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Fire fighter collapses and suffers sudden cardiac death after responding to a vehicle fire - Kentucky.
Cincinnati, OH: U.S. Department of Health and Human Services, Public Health Service, Centers for Disease Control and Prevention, National Institute for Occupational Safety and Health, FACE F2004-30, 2005 Jun; :1-11
On March 25, 2004, a 45-year-old male volunteer fire fighter (FF) responded to a roadside vehicle fire. As his engine company exited the fire station, the call was cancelled. The engine was backed into the fire station and, as the FF began to exit the apparatus, he suddenly collapsed. Despite cardiopulmonary resuscitation (CPR), defibrillation, and advanced life support (ALS) performed by crew members, emergency medical technicians (EMTs), paramedics, and hospital emergency department (ED) personnel, the FF died. The autopsy, completed by the Coroner, listed "a cardiac event (arrhythmia) due to hypertensive and atherosclerotic cardiovascular disease" as the cause of death. NIOSH investigators concluded that the physical stress of responding to the alarm, donning turnout gear, and underlying atherosclerotic coronary artery disease (CAD) all contributed to the FF's sudden cardiac death. The first five recommendations below are preventive measures recommended by NIOSH and other fire service groups to reduce the risk of on-the-job heart attacks and sudden cardiac arrest among FFs. The final recommendation addresses a procedural safety issue. 1. Provide pre-placement and periodic medical evaluations to ALL FFs consistent with National Fire Protection Association (NFPA) 1582 or equivalent to determine their medical ability to perform duties without presenting a significant risk to the safety and health of themselves or others. 2. Ensure that FFs are cleared for duty by a physician knowledgeable about the physical demands of fire fighting and the various components of NFPA 1582, and that the results of the exam are discussed with the FF. 3. Consider conducting exercise stress tests for male FFs above the age of 45 years with two or more risk factors for CAD. 4. Phase in a mandatory wellness/fitness program for FFs to reduce risk factors for cardiovascular disease and improve cardiovascular capacity. 5. Perform an annual physical performance (physical ability) evaluation to ensure FFs are physically capable of performing the essential job tasks of structural fire fighting. 6. Use a secondary (technological) test to confirm appropriate placement of the endotracheal (ET) tube during emergency intubations.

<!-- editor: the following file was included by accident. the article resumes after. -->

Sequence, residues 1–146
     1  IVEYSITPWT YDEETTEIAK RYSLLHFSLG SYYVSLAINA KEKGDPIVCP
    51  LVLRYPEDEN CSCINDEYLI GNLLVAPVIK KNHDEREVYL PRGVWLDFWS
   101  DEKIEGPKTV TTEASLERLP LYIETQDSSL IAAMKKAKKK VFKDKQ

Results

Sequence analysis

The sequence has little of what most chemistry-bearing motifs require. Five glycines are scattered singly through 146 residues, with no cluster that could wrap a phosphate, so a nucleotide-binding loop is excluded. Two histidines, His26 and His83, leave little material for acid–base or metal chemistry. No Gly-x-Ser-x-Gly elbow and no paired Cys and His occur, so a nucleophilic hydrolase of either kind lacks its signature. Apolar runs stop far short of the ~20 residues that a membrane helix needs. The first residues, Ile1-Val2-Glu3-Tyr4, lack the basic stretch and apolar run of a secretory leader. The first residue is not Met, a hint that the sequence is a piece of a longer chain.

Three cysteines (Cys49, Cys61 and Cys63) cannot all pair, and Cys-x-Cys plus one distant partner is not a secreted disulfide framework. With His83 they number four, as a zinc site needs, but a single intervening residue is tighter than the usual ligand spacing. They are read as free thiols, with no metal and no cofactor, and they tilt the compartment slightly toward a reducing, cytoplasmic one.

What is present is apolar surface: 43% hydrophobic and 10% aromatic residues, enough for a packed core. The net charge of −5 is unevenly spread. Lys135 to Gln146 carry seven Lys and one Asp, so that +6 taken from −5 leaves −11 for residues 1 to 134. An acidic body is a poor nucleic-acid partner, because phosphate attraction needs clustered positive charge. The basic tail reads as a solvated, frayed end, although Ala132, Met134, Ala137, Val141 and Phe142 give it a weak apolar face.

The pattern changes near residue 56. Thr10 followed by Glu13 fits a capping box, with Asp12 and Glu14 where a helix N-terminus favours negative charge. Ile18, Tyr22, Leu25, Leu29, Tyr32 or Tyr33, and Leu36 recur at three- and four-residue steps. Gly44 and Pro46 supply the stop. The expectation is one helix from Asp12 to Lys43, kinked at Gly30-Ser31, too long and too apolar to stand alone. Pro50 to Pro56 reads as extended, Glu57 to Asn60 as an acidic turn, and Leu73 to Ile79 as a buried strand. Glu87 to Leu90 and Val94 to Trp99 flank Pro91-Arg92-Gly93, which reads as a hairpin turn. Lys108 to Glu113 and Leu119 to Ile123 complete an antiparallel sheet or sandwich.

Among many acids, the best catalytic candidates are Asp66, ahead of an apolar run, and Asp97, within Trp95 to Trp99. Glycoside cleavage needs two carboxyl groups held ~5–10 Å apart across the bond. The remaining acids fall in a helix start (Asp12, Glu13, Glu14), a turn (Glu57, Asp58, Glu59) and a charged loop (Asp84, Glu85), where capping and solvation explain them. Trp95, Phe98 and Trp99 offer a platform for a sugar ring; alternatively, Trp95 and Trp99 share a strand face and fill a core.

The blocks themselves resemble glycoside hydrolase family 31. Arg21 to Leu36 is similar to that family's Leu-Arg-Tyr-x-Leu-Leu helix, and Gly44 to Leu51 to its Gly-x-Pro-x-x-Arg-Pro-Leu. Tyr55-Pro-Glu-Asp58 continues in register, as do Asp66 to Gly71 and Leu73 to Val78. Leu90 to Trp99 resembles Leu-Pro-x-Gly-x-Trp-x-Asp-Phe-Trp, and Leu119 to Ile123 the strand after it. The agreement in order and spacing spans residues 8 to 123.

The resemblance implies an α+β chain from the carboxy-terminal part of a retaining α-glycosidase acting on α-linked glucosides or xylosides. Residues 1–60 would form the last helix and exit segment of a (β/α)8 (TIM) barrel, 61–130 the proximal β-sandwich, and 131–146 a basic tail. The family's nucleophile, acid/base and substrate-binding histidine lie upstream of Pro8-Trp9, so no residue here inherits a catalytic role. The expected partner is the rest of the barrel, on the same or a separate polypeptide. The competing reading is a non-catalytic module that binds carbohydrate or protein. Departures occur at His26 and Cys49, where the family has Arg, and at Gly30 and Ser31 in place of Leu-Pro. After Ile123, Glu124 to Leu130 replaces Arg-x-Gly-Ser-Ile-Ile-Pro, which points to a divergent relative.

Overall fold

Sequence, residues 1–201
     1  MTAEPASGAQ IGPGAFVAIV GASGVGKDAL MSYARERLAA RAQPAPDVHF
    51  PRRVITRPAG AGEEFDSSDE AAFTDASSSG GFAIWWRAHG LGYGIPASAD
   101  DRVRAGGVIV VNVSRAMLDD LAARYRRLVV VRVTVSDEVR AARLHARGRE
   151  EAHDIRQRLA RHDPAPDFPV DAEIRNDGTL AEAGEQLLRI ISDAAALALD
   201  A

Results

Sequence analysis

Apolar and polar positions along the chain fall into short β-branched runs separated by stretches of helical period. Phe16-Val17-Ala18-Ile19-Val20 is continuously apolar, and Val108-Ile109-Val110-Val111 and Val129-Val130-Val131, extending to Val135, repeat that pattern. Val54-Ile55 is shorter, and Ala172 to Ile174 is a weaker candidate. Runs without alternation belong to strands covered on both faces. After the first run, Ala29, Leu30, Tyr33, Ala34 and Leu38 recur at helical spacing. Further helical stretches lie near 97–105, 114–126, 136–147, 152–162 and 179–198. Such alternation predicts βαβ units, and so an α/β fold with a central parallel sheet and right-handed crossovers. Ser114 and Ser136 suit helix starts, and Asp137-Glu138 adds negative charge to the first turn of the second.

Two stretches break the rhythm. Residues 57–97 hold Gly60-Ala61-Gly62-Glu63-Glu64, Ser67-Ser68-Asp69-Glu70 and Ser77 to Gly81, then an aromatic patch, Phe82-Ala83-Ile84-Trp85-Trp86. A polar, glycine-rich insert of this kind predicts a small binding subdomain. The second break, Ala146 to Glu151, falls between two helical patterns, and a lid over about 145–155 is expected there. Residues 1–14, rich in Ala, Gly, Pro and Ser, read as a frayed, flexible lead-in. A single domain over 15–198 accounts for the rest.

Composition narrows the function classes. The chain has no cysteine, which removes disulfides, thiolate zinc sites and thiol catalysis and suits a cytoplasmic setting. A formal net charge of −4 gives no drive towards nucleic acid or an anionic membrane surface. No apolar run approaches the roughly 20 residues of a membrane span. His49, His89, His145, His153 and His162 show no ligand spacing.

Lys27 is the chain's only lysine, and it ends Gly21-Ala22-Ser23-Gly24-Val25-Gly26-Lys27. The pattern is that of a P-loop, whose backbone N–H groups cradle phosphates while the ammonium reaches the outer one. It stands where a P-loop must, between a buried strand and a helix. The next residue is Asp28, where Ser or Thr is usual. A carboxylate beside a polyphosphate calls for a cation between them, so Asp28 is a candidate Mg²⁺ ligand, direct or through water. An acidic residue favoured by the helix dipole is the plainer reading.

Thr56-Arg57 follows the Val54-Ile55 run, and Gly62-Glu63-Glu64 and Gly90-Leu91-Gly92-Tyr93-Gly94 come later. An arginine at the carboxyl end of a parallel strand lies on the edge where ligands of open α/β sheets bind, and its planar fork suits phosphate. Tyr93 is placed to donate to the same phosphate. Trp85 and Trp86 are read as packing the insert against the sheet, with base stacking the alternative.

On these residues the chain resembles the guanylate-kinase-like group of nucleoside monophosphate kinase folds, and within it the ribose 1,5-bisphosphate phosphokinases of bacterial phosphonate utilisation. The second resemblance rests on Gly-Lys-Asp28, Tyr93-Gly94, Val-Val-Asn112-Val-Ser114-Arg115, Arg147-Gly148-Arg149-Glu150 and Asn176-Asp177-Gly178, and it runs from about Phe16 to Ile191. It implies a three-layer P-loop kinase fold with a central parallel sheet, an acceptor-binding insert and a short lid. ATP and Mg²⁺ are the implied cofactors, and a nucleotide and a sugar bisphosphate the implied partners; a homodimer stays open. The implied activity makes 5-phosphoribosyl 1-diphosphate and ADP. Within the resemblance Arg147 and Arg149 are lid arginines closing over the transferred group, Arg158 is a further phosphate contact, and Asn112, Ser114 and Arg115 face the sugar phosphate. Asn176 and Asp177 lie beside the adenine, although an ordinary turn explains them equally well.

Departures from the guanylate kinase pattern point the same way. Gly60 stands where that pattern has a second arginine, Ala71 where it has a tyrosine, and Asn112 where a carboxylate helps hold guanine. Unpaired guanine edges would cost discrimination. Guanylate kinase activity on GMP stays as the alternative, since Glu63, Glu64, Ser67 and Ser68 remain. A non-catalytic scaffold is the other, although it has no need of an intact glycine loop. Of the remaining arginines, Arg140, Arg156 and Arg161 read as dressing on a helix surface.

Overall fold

Region-4; Cardiovascular-system-disease; Heart; Physical-stress; Physical-fitness; Fire-fighters; Emergency-responders; Medical-screening; Cardiovascular-disease; Cardiovascular-function; Cardiovascular-system; Cardiovascular-system-disorders; Medical-examinations; Medical-monitoring; Medical-screening
Field Studies; Fatality Assessment and Control Evaluation
NTIS Accession No.
National Institute for Occupational Safety and Health
Page last reviewed: March 11, 2019
Content source: National Institute for Occupational Safety and Health Education and Information Division